The first production of the season with Pro Coro Canada was a special one. Instead of just blogging my whole rehearsal process, I decided to immerse myself in the experience and see what thoughts surfaced as a result. The one that has been lingering in my mind is the concept of artistic collaboration.
Pro Coro Canada paired with Booming Tree Taiko in order to incorporate taiko drumming within choral pieces. Tormis' "Curse Upon the Iron," R Murray Schafer's "Magic Songs," and Eric Whitacre's "Cloudburst" was infused with an array of varying taiko drums. Two seemingly unrelated artistic forms: choir and taiko drumming paired perfectly together. It was as if the pieces should have been written to incorporate the dramatic forms of taiko drumming expression. The sheer showmanship of power and grace demonstrated by Booming Tree Taiko duo, Greg and Twilla, elevated the performance.
|Booming Tree Taiko|
It is amazing how bringing together two elements eager for artistic collaboration can synthesize such a compelling musical compound. There is a trust within the relationship in addition to the flexibility for exploration and discovery. I loved watching Greg and Twilla try out different percussion sounds they could generate for each of the movements of Schafer's "Magic Songs," each creating a different tone until the desired mood was isolated. I can only imagine the excitement when a unified chord was struck between Michael and Kris to discover their joint passion for artwork and stories.
There is also a sense of discovery that comes from commissioning a Canadian composer. In the last season alone Pro Coro premiered works by Canadian composers, Cy Giacomin, Jason Noble, and Peter Togni. I hadn't even heard of some of these composers prior to singing in Pro Coro. The first time I heard one of Kris' works was at the end of the Cantata Singers' "Sh*t Choristers Say" video. When Kris arrived to rehearsed Twilight Cities, it was a huge luxury to be able to turn to him and ask in an inquisitive tone: "What were you thinking while writing this passage? Did you want the tonality to be in A?"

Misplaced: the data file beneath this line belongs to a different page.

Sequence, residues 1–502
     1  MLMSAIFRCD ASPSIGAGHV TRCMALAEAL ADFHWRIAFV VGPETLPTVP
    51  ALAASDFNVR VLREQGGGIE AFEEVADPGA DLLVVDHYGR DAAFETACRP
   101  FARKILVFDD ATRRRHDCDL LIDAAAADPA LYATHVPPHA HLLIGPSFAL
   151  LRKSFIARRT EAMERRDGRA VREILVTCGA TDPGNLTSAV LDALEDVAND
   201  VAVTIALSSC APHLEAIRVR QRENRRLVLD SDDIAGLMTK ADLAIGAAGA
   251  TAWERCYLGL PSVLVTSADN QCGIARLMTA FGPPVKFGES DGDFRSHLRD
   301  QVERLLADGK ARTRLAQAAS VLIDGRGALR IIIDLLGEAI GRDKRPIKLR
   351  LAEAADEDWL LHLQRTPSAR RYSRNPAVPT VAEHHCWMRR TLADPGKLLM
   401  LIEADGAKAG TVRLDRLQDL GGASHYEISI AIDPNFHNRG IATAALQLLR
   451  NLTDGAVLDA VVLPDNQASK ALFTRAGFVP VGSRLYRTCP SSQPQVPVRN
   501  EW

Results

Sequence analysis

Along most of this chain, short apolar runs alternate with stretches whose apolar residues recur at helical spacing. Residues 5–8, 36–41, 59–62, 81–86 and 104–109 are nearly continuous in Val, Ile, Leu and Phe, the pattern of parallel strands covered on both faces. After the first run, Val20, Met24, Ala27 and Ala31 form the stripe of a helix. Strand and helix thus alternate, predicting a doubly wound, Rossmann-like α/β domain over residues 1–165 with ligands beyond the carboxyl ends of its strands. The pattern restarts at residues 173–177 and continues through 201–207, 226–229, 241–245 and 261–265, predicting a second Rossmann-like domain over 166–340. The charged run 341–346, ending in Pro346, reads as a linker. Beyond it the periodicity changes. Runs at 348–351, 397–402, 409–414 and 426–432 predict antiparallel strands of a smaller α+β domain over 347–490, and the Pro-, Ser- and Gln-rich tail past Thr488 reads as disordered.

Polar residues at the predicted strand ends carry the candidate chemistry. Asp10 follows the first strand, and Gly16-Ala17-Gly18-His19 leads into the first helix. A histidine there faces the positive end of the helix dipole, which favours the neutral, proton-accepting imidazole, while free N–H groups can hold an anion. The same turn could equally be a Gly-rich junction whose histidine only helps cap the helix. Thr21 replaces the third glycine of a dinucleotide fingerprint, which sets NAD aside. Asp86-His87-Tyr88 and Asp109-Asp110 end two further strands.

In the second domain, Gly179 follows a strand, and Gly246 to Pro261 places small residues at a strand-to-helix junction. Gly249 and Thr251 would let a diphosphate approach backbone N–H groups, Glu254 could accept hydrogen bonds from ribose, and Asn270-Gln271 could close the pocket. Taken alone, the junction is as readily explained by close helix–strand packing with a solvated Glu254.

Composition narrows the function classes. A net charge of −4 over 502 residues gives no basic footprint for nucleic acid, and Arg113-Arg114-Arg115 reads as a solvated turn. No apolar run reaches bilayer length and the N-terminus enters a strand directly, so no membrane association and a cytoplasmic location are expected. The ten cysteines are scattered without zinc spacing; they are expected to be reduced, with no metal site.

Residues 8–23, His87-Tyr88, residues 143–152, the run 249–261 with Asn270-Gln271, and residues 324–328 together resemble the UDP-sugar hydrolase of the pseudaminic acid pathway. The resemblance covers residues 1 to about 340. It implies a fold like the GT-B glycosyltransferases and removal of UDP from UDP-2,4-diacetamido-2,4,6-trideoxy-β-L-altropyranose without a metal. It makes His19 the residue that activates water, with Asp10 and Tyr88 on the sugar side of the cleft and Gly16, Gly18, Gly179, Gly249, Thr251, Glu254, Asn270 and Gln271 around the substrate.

|Kris Fulton with his gifts from the University of Augustana Choir|
I vividly remember Michael mentioning how musical collaboration was something he was planning in his Artistic Director role. At the time, it seemed like an excellent thought to me; however, I don't think I truly grasped what it would look like upon execution. Pro Coro's opening concert this season solidified for me what successful collaboration can look like.
The music community is a small one... and the choral one is even smaller. Sometimes it feels like we are pitted against each other, as if only one type of choir with a certain demographic can exist or only one composer's work will be accepted for a commission. Can't we all agree that there are enough external forces making it difficult to thrive as Artists that the last thing we need is animosity between Artists? I know it is not easy when the structure of our system is not always conducive to this thinking. There are only so many pools of audience members and limited grant dollars.
However, I have seen positive things result when we recruit the talents of other artistic community members. We work alongside each other with trust and respect and we are a stronger community because of it. I am not saying that our musical community fails to function in this way. In fact, I am delighted with the sheer frequency of collaborative overlap between groups, but I am also aware of those moments when it isn't so easy to maintain "the more the merrier" philosophy and survival instinct sets in.
We are all looking for a medium to share our music, voice, and culture with the world; it is a great feeling when we are unified in that goal and are able to do it together.